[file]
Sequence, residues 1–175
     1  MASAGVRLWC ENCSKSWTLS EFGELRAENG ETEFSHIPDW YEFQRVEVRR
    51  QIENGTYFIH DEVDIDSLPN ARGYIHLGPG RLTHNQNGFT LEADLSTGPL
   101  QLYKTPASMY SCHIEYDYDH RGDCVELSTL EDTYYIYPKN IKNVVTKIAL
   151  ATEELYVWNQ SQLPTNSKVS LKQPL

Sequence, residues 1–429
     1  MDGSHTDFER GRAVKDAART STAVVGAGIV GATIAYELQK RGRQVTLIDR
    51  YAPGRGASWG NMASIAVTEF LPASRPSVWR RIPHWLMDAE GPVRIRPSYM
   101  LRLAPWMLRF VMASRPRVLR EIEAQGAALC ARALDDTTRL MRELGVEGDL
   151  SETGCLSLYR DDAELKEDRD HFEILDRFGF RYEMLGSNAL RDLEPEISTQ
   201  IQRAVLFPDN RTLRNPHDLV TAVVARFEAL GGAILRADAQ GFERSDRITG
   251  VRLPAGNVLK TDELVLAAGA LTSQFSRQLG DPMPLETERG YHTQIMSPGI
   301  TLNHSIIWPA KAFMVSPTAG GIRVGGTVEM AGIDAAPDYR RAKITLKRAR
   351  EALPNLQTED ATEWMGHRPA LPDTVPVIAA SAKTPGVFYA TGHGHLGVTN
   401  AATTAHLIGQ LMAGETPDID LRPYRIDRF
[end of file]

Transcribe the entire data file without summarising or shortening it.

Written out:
Sequence, residues 1–175
     1  MASAGVRLWC ENCSKSWTLS EFGELRAENG ETEFSHIPDW YEFQRVEVRR
    51  QIENGTYFIH DEVDIDSLPN ARGYIHLGPG RLTHNQNGFT LEADLSTGPL
   101  QLYKTPASMY SCHIEYDYDH RGDCVELSTL EDTYYIYPKN IKNVVTKIAL
   151  ATEELYVWNQ SQLPTNSKVS LKQPL

Sequence, residues 1–429
     1  MDGSHTDFER GRAVKDAART STAVVGAGIV GATIAYELQK RGRQVTLIDR
    51  YAPGRGASWG NMASIAVTEF LPASRPSVWR RIPHWLMDAE GPVRIRPSYM
   101  LRLAPWMLRF VMASRPRVLR EIEAQGAALC ARALDDTTRL MRELGVEGDL
   151  SETGCLSLYR DDAELKEDRD HFEILDRFGF RYEMLGSNAL RDLEPEISTQ
   201  IQRAVLFPDN RTLRNPHDLV TAVVARFEAL GGAILRADAQ GFERSDRITG
   251  VRLPAGNVLK TDELVLAAGA LTSQFSRQLG DPMPLETERG YHTQIMSPGI
   301  TLNHSIIWPA KAFMVSPTAG GIRVGGTVEM AGIDAAPDYR RAKITLKRAR
   351  EALPNLQTED ATEWMGHRPA LPDTVPVIAA SAKTPGVFYA TGHGHLGVTN
   401  AATTAHLIGQ LMAGETPDID LRPYRIDRF